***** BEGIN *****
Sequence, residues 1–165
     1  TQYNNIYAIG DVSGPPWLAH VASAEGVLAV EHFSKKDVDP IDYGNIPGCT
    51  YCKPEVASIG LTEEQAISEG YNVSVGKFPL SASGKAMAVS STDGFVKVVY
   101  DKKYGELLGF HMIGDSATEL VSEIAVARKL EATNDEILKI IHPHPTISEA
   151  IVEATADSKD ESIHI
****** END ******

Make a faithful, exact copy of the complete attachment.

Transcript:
Sequence, residues 1–165
     1  TQYNNIYAIG DVSGPPWLAH VASAEGVLAV EHFSKKDVDP IDYGNIPGCT
    51  YCKPEVASIG LTEEQAISEG YNVSVGKFPL SASGKAMAVS STDGFVKVVY
   101  DKKYGELLGF HMIGDSATEL VSEIAVARKL EATNDEILKI IHPHPTISEA
   151  IVEATADSKD ESIHI